Tuesday January 22, 2019
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Niagara veteran urges residents to say “thank you”

michael blais

Niagara resident and Canadian Armed Forces Veteran, Michael Blais (right), advocates on behalf of Canadian veterans.

Michael Blais would like to see Canadian military veterans thanked for their service more than one day a year. Blais is a veteran himself and the Niagara Falls resident says it’s important for veterans, especially those suffering from PTSD, or other mental illnesses as a result of their combat service, to receive a smile and a thank you from their fellow Canadians. “I always tell people to say thank you on more than one day a year. It takes two seconds to shake that man or woman’s hand and say thank you because it really does a make a difference,” he said.

Blais says it’s important for the community to know who their veterans are. He said this year in particular there is no excuse for people not to attend a Remembrance Day ceremony given that Nov. 11 falls on a Sunday.

While Blais says it is always very important to honour the fallen, he points out that there are tens of thousands of living veterans who need help. “We need to also honour those who are alive and not well.” It’s difficult to pin down the exact number of veterans from Niagara but Blais said there has always been a strong community spirit when it comes to recognizing and honouring Canadian veterans. But he does see that spirit starting to lag a bit. “I am hopeful that residents will show up as a family unit to the ceremonies this weekend. We seem to have downloaded the responsibility of honouring the men and women of our military to our schools,” Blais said. He noted that there are very few places in Canada where war actually occurred and Niagara is one of them.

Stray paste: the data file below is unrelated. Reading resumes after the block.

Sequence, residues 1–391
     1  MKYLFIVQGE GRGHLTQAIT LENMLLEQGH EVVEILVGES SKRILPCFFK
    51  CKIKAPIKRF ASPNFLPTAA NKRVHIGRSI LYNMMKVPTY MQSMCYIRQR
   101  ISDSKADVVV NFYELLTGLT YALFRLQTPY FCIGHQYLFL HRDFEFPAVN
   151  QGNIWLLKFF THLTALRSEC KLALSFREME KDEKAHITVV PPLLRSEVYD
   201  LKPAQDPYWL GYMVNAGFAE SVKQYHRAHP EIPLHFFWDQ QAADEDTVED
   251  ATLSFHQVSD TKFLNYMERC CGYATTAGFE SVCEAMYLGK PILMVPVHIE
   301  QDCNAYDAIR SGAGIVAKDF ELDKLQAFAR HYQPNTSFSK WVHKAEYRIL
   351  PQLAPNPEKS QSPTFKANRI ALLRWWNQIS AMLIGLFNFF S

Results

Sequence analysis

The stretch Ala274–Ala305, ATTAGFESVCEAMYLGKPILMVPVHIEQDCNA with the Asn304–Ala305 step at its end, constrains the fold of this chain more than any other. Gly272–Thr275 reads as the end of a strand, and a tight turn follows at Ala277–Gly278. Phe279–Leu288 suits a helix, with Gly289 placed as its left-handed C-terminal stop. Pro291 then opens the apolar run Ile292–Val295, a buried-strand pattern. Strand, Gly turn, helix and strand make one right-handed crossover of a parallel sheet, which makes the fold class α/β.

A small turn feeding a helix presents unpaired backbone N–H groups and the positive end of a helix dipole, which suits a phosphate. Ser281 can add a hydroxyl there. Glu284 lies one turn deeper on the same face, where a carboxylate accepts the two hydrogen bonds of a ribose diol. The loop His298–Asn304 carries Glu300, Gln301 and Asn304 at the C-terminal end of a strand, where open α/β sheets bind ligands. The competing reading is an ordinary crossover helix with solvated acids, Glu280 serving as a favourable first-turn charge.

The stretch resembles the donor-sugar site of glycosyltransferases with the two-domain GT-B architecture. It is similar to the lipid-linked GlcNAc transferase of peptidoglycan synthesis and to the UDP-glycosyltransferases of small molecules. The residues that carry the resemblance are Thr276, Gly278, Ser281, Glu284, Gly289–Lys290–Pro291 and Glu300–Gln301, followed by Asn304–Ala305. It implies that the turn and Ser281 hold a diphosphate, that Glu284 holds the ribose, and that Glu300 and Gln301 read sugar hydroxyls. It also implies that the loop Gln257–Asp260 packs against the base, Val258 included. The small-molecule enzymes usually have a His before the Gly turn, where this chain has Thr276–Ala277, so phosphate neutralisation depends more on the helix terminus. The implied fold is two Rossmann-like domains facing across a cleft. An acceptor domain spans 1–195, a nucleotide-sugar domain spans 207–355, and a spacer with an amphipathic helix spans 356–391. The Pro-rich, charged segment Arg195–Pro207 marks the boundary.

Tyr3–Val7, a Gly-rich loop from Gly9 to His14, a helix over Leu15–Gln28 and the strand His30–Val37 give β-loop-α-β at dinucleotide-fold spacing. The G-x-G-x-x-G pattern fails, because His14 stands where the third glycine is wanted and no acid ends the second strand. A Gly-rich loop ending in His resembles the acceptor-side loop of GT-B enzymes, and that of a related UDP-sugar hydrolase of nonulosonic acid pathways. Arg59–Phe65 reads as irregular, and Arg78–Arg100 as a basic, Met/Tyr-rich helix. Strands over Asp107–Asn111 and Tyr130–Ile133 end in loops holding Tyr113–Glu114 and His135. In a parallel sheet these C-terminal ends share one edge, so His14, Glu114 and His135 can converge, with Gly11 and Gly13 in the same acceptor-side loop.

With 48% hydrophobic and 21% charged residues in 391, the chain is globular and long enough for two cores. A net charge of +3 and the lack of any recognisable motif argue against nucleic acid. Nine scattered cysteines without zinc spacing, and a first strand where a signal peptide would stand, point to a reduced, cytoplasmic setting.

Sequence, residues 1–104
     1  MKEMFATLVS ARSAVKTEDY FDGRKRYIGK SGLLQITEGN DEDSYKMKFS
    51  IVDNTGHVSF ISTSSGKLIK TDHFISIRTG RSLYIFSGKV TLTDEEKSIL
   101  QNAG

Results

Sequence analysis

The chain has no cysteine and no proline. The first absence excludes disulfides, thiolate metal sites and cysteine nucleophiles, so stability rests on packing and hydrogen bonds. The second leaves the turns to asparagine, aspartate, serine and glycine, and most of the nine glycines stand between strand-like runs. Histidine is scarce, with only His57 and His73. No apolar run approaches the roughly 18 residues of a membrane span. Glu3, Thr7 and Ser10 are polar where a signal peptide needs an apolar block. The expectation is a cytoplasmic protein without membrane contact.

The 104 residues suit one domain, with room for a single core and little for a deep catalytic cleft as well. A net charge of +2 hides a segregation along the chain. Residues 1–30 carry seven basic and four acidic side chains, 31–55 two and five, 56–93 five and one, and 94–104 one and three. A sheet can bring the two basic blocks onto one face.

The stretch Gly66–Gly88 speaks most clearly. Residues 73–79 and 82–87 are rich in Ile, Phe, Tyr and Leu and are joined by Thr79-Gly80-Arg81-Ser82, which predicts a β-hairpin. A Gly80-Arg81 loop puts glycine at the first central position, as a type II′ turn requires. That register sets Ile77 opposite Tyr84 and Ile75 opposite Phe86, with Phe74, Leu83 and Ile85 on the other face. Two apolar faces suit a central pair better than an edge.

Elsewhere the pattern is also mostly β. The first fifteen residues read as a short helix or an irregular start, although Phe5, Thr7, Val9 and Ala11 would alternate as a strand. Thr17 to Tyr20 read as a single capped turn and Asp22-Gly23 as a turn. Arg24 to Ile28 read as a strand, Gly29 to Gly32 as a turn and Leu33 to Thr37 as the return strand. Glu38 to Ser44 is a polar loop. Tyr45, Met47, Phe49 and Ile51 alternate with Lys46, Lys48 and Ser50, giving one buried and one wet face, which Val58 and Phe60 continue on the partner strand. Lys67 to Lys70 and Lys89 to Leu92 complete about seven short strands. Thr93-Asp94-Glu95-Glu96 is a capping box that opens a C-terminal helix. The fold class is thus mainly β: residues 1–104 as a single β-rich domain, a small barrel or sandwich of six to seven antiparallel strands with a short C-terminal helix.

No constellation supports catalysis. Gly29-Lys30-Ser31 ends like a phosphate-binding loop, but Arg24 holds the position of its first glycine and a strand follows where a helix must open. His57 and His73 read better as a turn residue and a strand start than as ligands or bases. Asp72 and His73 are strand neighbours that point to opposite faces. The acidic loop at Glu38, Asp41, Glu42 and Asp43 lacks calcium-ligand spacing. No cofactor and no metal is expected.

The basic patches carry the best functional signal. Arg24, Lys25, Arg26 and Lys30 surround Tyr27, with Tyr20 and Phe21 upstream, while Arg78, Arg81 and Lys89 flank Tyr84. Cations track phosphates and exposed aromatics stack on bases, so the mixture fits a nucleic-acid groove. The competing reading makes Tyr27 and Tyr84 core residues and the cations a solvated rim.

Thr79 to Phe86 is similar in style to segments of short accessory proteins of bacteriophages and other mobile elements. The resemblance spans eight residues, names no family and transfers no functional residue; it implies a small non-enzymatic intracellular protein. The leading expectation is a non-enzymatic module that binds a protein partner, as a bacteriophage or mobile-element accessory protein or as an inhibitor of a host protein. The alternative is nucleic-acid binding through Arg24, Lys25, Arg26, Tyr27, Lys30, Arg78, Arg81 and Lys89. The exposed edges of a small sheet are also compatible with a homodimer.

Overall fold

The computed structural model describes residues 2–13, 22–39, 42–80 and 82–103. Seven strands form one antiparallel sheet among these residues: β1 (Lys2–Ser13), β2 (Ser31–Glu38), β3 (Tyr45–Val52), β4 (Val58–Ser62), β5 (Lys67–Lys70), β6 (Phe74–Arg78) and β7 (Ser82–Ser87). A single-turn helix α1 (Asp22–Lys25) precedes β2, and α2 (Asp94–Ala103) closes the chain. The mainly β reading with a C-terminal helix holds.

Now 61 years old, Blais said it was listening to his uncle talk about his time in World War Two that peaked his interest and ultimately lead him to join the Canadian Armed Forces. “My uncle was a Military Police Officer and he actually provided a motorcycle escort for Dwight Eisenhower’s car in Europe” (Eisenhower was a Five-Star General with the U.S. military during that time).

Blais’ own military career saw him serve on peacekeeping missions in Cyprus as well as spending eight years in Germany during the Cold War. He said while he and his colleagues may not have seen battle, “the threat was very real until the wall came down”. On that point, Blais says that it is important to honour all veterans who served in various roles and capacities around the world and at home.

From 2008 to 2011 Blais served as the President of the Niagara Branch, Royal Canadian Regiment Association. He is also a founder of the Canadian Veteran’s Advocacy Association. It’s in that capacity that he will be attending the national service in Ottawa on Sunday and participating in a protest on Monday to remind the Prime Minister about the promises he made to veterans during the last federal election. “I wish I was in my hometown this weekend but it’s also important to be in Ottawa,” said Blais.

Currently there is a real inconsistency in who gets what in terms of financial compensation for veterans according to Blais. “I have met one on one with the Prime Minister several times and some of the meetings have been heated,” he said. Blais also hopes that the Conservatives learned from the last election and will help to address the 40 cents on the dollar shortfall many veterans face.  Veterans affairs estimates there are about 675 thousand veterans in Canada.

For now, Michael Blais is just asking all of us to say “thank you”.

 

 

 

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